My first response is that there is no definitive answer to that question. I thought about it for a while. One can learn to program by hooking a Raspberry Pi to a monitor, keyboard, and mouse and firing up Thonny and learn Python. One can use any number of online IDEs and a Chrome book. The last classes I taught had a mix of students running Eclipse and Processing on Mac and PC laptops with no appreciable difference. In short, does the computer even matter?

Maybe there is a question that has to be asked and answered before discussing the right or best laptop to use. That question is “what does it mean to “learn how to code?” I suspect we could have quite a long discussion on that question alone.

To me it boils down to:

  • What problem are you trying to solve – how do you define “learning to code”
  • What software helps you best learn to code by your definition
  • What hardware runs the software you want to run

Picking the hardware should almost always be the last thing one picks. Now I have to go think about what it means to “learn how to code.”

Sunday, September 26, 2021

Phun With Phone Numbers

Among the programming projects I ran into recently was one to calculate all of the combinations of letters one could make from a phone number. Companies do this sort of thing all the time. They generate the combinations and then look for words related to their business so they can use it as a mnemonic and help people remember their phone number. Probably a bigger deal before domain names than now but still useful.

How many possible combinations are there? Well, that depends. It can be a low or 2187 (3 to the 7th power) and a high of 16384 (4 to the 7th power). The highest number is for phone numbers with all 7s and/or 9s.

I’m trying to write small bits of code to keep my mind active and solving interesting (to me) little programs. Initially I didn’t care to write this program (though eventually I did) so was thinking around the problem from other directions. What if I took a word and had a program generate a phone number? That was fun. And pretty easy. So I thought about the logical (to me anyway) next step. What if I had a list of 7 letter words and generated a file with the phone numbers that matched each word?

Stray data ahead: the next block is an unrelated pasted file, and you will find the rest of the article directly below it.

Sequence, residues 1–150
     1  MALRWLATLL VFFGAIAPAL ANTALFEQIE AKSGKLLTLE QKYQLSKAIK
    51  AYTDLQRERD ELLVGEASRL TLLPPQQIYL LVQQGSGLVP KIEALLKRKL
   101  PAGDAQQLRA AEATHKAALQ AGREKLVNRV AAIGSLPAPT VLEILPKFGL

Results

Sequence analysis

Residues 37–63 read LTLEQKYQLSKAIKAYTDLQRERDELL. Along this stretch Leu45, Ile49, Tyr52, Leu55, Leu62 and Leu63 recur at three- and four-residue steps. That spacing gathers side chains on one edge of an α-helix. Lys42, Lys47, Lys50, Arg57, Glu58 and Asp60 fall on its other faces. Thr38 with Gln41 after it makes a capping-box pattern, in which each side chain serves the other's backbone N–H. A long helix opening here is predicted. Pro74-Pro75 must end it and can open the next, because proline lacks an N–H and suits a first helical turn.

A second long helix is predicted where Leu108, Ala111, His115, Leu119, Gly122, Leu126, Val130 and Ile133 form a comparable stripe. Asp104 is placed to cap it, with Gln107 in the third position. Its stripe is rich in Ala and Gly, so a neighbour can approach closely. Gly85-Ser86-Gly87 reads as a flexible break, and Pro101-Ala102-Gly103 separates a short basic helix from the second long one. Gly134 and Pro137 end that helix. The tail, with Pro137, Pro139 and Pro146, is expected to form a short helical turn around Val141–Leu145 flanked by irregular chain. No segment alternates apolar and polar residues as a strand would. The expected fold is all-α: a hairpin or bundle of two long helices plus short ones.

It turns out I have a small word list with just under 114,000 words in it. Step one was building a new file with only the seven letter words in it. A nice little project that is simple even for beginners.

I borrowed the code from the earlier program that turned a word into a number. A handy thing that shows the value of methods and reusable code. I used that to create the file with a list of seven letter words and phone numbers. A list of just over 22,000 for what its worth.

When I did write the program to create all the possible combinations of characters for a phone number I had a nice data file to use to check my work. That was surprisingly helpful.

Anyone out there assigning the program to create all the combinations of letters for a phone number? What interesting solutions are students coming up with?

Friday, September 24, 2021

An AI Tutor for CS Education

Recently I came across a Microsoft Research project called AI for Programming Education. The project “goal is to build a personalized and autonomous intelligent teaching assistant (an AI Tutor) for programming education, enabling on-demand education.”

It’s an intriguing and I think ambiguous idea. I tend to be skeptical of AI tutors as a general idea. A half dozen years or so ago I attended a workshop at Microsoft Research dealing with hinting systems. In other words, how can the computer give hints to beginners. I wrote about hinting systems and the workshop here.

The tl;dr is that it is a hard problem. No surprise to teachers of course. Knowing when to hint and how much to hint is a tough problem for human teachers. For a computer AI it is going to be harder still. That’s just one part of what an AI tutor would have to be able to do.

I don’t know any more about the project than what I read on the web page (link above) and that they are looking for a CS Education researcher to help with pedagogy. CS Education/Pedagogy Research Internship Opportunity at Microsoft (AI-driven Program Synthesis in the PROSE team) That is an encouraging move.

With more and more of education moving to the cloud, more and more online curriculum being developed, and systems that are getting smarter about helping programmers to write code (IntelliCode Completion In Visual Studio (Preview) 2022), creating an AI tutor seems like a logical project to take on. I assume papers will be published. I look forward to reading more about this project over time.